Aside from working on the site, what other work do you do? Could you take us through a casual day in the life of Martin Leblanc Eigtved?
I study computer science and business administration at Copenhagen business school (the same education as David Heinemeier Hansson from 37signals) which I will finish this summer. Besides the education I work at a consultancy called Glassbox which I co-founded in 2008.
We help clients with optimizing sales for their e-commerce solutions. My responsibility is mainly usability and design stuff, but I also work on more technical things for web tracking solutions such as Google Analytics.
This is the latest design I have made for a client at Glassbox. The site is an education portal for students in elementary school.
When I’m not studying or working in Glassbox, I work on IconFinder or spend time with my lovely wife. I don’t watch television, and I’m basically working on something from when I get up in the morning until about 9 in the evening.
Roughly how much traffic are you getting to the site daily/monthly? Have you seen this increase heavily over the past couple of months?
Right now 350,000 unique monthly users are visiting the site, generating more than 10 million page views. I hope to reach 1 million unique monthly users in 2010. The traffic continue to increase every month and it’s the fastest growing site of it’s kind.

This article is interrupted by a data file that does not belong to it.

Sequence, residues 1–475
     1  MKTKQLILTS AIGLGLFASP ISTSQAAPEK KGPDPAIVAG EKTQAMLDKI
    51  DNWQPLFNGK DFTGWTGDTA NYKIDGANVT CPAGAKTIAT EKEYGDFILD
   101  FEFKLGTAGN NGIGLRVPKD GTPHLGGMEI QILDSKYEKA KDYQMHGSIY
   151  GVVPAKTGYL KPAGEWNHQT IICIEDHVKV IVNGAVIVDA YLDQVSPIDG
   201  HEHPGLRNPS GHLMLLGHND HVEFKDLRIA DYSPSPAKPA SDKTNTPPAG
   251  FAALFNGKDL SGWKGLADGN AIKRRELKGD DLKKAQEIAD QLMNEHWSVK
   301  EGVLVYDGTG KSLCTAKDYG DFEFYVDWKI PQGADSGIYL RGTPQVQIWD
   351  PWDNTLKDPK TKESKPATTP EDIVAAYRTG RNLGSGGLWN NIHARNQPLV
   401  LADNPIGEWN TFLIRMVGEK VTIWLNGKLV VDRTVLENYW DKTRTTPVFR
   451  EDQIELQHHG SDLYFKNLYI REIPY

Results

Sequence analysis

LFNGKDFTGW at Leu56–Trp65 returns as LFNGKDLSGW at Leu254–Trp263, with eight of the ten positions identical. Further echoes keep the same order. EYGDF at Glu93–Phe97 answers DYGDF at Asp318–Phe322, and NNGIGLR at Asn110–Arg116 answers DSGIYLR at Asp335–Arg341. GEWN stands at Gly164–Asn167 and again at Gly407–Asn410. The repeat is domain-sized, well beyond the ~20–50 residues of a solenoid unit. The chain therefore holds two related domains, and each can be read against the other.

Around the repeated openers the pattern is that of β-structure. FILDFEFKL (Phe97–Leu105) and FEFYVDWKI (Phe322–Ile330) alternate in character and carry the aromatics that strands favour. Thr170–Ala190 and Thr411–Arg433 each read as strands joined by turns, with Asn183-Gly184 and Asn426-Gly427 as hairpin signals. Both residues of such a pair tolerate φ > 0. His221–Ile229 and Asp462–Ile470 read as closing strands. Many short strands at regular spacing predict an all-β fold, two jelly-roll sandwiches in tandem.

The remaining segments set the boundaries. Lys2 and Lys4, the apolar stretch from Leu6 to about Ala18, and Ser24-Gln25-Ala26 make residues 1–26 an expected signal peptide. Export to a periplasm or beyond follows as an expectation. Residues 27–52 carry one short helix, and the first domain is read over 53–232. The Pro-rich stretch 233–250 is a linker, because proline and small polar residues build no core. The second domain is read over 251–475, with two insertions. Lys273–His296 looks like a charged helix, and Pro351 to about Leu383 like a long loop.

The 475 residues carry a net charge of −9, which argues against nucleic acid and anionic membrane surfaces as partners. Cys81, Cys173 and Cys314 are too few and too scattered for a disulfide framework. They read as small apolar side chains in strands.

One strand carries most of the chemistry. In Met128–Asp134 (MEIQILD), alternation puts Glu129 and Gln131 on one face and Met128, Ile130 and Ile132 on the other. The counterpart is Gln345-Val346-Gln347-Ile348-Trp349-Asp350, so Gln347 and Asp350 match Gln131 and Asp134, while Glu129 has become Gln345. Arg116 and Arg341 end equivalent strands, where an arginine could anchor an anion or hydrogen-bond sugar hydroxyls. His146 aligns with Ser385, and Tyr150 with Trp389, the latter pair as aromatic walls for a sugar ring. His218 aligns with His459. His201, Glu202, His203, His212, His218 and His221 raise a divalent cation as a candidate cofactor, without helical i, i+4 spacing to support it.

What type, if any at all, of marketing have you done for Icon Finder? Submitted to any social media sites, built backlinks, etc?
I spend a lot of time on Twitter and thinking about how to make people tweet about the site and write blog posts. One example is the page: http://www.iconfinder.net/free_icons which is primarily made as link bait. I posted links on sites like Digg and Reddit when it launched, but I leave that to the users now and focus on the site it self.
Do you have any other sites you’d recommend checking out if Icon Finder just doesn’t have an icon to match what you need?
Where can you see Icon Finder going within the next couple of months? Do you have any plans for new sections or modules to the site?
The next step for IconFinder is to work on the server setup so it can handle the increase in users. I’m working on a load balancing setup for the database because that is often the slowest part of the site.
I’m also planning to launch some new personalized features which will make the site more useful. I wont tell more about these features before I’m closer to releasing them.
I will release a new icon set which has been designed especially for the IconFinder users. It will be released in the beginning of March 2010, so keep an eye on http://www.iconfinder.net/blog.
Aside from Icon Finder, do you have any other projects you’re either currently working on or plan on launching sometime in the near future?
Yes, In Glassbox we’re working on a survey tool that will be released in a beta version next month. It’s called Mindset and is a combination of a survey and a web analytics tool. The great designers at Softfacade (http://www.softfacade.com) have designed beautiful app icon for the project.
Image Credits: Photo by Isis França on Unsplash.